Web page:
Reclaiming the future of food and farming

Monsanto

Marcia Ishii-Eiteman's picture

Monsanto's endless pipeline of bad ideas

As if the disaster of RoundUp resistant superweeds sweeping our farmland weren’t enough, Monsanto is now preparing to launch an even greater disaster: a new soybean engineered to be resistant to the older, more toxic weedkiller, dicamba. The seed — which Monsanto plans to market in 2014 if approved — will also come stacked with the company’s RoundUp Ready gene, and is designed to be used with Monsanto’s proprietary herbicide “premix” of dicamba and glyphosate.

More dicamba-tolerant crops (corn, cotton, canola) are all waiting in the wings. If this new generation of GE crops is approved, then dicamba use will surge, just as it did with RoundUp. And we all know how well that didn't work out. 

Marcia Ishii-Eiteman
Pesticide Action Network's picture

French court finds Monsanto guilty

On Monday, a French court ruled in favor of farmer Paul François, who suffered neurological symptoms including headaches, memory loss and stammering after inhaling Monsanto’s herbicide, Lasso.

The decision marks the first time the pesticide and biotech giant — the largest of the Big 6 — has been held liable for poisoning caused by its products. Monsanto is appealing the verdict.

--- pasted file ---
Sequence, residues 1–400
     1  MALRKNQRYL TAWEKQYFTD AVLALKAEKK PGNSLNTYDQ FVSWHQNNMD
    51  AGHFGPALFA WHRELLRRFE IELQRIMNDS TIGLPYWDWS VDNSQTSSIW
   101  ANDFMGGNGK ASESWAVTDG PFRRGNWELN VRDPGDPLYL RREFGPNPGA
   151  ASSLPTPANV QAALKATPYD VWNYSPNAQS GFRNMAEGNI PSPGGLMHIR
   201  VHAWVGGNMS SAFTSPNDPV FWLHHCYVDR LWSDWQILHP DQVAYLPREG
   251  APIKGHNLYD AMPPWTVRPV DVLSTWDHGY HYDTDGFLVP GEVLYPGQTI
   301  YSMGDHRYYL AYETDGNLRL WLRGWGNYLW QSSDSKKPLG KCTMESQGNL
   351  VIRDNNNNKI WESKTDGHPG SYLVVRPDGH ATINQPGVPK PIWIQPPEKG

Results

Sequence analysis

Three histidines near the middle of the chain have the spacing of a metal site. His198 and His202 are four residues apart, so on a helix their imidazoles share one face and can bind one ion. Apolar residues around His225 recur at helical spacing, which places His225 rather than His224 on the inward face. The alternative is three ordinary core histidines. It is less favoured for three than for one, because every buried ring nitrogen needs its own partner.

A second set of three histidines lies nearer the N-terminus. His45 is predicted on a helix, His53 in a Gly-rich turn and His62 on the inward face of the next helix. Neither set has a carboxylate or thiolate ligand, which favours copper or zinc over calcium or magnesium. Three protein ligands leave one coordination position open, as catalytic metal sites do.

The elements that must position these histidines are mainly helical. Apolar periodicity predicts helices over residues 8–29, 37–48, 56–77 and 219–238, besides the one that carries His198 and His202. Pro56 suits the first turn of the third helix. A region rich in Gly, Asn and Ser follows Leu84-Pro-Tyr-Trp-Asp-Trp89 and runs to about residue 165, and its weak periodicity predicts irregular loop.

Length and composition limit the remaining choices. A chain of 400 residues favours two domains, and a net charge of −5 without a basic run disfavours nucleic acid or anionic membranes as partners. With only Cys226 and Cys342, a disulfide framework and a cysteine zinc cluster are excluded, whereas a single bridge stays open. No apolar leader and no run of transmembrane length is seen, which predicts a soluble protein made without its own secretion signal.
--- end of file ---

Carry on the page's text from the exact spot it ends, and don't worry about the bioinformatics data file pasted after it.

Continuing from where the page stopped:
Pesticide Actio...
Pesticide Action Network's picture

Controversial "Ag Gag" bill considered in Iowa

The Iowa Senate is considering a state law that would criminalize the reporting of abusive conditions at animal or crop operations.

Several citizen and food transparency groups in Iowa have opposed the law, which they have dubbed the "Whistle Blower Suppression Bill" and the "Ag Gag Bill." Strong support for the measure is coming from multinational corporations like Monsanto and Dupont, as well as statewide organizations like the Iowa Poultry Association. 

Pesticide Actio...
Marcia Ishii-Eiteman's picture

All aboard the transgenic Titanic

On Tuesday, one of the world’s largest pesticide and biotech companies — Monsanto Corporation — held its annual general meeting in St. Louis. While protestors outside Monsanto headquarters highlighted growing public disenchantment with the industry giant and its genetically engineered products, investors in the meeting were voting on a shareholder resolution from PAN and Harrington Investments.

If passed, the resolution would require Monsanto to report on all financial risks and impacts, including contamination of neighboring crops, associated with its GE/pesticide seed package.

Marcia Ishii-Eiteman
Marcia Ishii-Eiteman's picture

Dow & Monsanto in deadly race on the pesticide treadmill

You’ve all heard the news: farmers across the country are losing their fields to superweeds so formidable and fast-spreading that they break farm machinery and render millions of acres of farmland useless. These superweeds have evolved as a direct consequence of Monsanto’s RoundUp Ready pesticide-seed package. Now superbugs are emerging, resistant to Monsanto’s transgenic insecticidal crops.

Marcia Ishii-Eiteman
Kathryn Gilje's picture

Occupy the Pesticide Industry!